In the fall of 2015, Student Health & Wellness hosted its first-ever Amazing IOWA Race. Organized during National Collegiate Alcohol Awareness Week - a week designed to raise awareness about alcohol-related issues on college campuses - the event attracted twenty-five UI students who competed against each other on five teams.
The Amazing IOWA Race was a competitive scavenger hunt that focused on alcohol education and promoting a healthier campus and community culture. Teams were given clues that led them to various locations across campus and throughout the downtown Iowa City area. At each stop, participants completed a task related to alcohol education in order to receive their next clue. The first team to complete all of the tasks and reach the finish line was crowned champion by Student Health & Wellness officials.
Ten stops were included on the hunt, with tasks such as: making a rap video about the Responsible Action Protocol, finding flags on the Pentacrest with signs of alcohol poisoning, pouring drinks of standard size, playing charades to help promote the benefits of abstaining from alcohol, and running through an obstacle course blindfolded.
The purpose of this event was to support a campus culture of excitement for educational and alcohol free programming, highlight various alcohol-free or late-night activities across campus and in the community, identify how alcohol can affect student success at the University of Iowa, and relay information on how to be an active bystander.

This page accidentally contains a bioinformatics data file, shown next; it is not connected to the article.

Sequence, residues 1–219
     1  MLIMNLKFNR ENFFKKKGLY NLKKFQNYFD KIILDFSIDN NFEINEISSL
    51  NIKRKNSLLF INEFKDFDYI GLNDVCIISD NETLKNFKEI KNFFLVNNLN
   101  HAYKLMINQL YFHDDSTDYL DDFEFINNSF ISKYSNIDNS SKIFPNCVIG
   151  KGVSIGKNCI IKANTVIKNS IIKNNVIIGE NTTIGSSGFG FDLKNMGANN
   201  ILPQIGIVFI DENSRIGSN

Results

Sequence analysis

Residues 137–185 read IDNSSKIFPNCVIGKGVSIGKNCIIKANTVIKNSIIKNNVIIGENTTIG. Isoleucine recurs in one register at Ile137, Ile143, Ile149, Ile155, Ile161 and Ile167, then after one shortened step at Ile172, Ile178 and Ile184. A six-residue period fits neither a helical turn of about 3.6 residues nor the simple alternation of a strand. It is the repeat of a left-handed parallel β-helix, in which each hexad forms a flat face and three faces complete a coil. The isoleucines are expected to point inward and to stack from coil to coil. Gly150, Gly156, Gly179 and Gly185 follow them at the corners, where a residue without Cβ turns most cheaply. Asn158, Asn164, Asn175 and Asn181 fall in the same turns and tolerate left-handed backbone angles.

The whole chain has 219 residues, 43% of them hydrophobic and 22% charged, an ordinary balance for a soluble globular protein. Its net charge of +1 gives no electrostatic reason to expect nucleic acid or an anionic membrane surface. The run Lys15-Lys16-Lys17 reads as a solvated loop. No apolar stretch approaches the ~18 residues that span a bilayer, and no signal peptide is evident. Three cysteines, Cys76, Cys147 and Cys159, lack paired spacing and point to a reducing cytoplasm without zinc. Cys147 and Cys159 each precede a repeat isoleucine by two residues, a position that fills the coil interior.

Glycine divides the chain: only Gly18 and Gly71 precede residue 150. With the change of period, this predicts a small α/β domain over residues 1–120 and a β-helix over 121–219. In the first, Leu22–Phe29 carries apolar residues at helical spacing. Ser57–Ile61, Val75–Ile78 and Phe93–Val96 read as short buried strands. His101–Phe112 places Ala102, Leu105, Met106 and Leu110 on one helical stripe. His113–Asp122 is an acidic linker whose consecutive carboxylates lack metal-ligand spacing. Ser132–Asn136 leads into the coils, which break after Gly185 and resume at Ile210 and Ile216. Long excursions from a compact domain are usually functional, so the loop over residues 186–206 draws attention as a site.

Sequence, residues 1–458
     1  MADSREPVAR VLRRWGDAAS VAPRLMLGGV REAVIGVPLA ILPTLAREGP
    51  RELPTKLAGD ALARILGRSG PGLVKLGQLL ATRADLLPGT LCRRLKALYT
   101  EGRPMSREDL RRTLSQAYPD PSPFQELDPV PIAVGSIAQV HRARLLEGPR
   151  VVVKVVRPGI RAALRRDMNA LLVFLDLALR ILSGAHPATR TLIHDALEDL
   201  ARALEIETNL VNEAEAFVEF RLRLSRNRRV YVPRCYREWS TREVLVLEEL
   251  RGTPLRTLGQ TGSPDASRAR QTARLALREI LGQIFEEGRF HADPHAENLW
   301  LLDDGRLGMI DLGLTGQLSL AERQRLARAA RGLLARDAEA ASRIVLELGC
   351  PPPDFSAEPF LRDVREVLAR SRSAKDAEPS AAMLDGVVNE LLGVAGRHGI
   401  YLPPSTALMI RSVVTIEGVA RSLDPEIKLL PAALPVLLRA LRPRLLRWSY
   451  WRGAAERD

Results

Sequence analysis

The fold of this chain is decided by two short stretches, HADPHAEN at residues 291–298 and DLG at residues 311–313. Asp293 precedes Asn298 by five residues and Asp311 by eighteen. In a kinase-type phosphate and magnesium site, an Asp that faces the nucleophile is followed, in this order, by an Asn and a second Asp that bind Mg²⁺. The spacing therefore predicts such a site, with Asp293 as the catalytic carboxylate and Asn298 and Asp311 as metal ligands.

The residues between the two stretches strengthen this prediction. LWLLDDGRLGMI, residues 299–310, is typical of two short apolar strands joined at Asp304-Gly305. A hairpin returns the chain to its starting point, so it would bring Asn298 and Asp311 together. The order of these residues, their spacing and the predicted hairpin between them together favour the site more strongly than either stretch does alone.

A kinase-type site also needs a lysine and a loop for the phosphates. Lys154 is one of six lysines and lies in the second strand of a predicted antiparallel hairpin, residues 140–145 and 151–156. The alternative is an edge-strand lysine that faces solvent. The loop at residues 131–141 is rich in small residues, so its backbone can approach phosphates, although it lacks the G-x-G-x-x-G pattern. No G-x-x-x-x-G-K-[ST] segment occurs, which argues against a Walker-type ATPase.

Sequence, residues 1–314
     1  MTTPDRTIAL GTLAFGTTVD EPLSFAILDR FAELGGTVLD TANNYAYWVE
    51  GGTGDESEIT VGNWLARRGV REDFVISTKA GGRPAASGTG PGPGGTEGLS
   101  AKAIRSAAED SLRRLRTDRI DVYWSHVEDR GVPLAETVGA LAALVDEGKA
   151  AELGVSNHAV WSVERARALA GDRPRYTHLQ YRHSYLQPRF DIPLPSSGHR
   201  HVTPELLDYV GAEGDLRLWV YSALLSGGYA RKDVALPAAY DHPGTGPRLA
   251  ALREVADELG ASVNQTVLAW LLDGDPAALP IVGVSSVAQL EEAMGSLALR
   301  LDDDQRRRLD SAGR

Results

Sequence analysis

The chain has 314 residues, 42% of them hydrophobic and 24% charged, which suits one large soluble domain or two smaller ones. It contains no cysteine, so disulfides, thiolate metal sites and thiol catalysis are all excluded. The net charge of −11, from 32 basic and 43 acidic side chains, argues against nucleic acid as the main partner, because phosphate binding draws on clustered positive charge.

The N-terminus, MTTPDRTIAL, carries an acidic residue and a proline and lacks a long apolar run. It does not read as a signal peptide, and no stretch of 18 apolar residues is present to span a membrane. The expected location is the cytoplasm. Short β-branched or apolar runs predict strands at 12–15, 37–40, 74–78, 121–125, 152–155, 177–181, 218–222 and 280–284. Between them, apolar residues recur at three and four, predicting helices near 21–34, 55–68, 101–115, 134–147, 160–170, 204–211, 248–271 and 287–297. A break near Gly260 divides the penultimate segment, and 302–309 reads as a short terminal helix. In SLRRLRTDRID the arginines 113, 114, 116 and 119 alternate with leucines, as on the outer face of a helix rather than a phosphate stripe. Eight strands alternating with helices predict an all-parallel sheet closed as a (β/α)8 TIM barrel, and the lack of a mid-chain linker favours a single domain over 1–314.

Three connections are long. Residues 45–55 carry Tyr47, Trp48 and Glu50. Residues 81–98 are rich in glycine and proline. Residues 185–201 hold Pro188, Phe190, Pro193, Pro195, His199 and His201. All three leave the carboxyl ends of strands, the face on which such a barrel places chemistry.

Beth Ripperger, Behavioral Health Clinician at Student Health & Wellness, said, “Whether a student chooses to drink or chooses not to drink, high-risk drinking can affect everyone. The event helped bring students together to not only highlight the importance of high-risk drinking, but it also provided students with tangible skills and information they could take with them to help themselves or their peers in the future.”
Of the 25 student participants, 100% could identify at least one way alcohol could impact their success at the University of Iowa. Ninety-six percent could name two alternative activities to consuming alcohol in Iowa City. Ninety-two percent could identify two protective strategies that a person can use to minimize the negative consequences of high risk drinking. Lastly, 88% of participants could identify a way they could be an active bystander if they saw another student incapacitated due to alcohol.
“It was exciting to see the students come together and want to be engaged in creating a healthier and safer campus for everyone,” Ripperger said. “Not only did they learn a thing or two throughout the race, but I think it’s safe to say that judging from the smiles on their faces at the end they managed to have some fun along the way.”